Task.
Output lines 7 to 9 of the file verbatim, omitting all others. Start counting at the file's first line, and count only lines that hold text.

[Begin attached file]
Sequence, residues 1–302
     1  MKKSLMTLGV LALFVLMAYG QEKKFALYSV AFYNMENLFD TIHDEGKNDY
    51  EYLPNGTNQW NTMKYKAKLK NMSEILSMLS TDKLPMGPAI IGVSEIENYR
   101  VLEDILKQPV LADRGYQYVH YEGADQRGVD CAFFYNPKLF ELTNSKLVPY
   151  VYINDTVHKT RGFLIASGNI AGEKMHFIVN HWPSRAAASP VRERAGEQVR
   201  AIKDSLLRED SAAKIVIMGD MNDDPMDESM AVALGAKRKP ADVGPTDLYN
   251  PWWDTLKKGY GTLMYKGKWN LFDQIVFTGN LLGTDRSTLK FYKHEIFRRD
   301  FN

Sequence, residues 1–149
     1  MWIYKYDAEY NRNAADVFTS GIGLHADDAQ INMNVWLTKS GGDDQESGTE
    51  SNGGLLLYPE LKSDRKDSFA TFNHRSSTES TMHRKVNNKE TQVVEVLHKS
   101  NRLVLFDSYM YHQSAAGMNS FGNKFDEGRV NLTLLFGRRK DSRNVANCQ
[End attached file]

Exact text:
   251  PWWDTLKKGY GTLMYKGKWN LFDQIVFTGN LLGTDRSTLK FYKHEIFRRD
   301  FN

Sequence, residues 1–149